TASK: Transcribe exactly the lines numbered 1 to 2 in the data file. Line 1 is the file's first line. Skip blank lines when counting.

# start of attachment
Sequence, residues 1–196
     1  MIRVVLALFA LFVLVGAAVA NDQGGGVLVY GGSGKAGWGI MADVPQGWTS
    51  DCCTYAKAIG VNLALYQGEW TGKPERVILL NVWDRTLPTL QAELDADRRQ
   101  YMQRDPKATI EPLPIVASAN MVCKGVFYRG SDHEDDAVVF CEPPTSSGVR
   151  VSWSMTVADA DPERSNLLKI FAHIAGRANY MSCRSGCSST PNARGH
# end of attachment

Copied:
Sequence, residues 1–196
     1  MIRVVLALFA LFVLVGAAVA NDQGGGVLVY GGSGKAGWGI MADVPQGWTS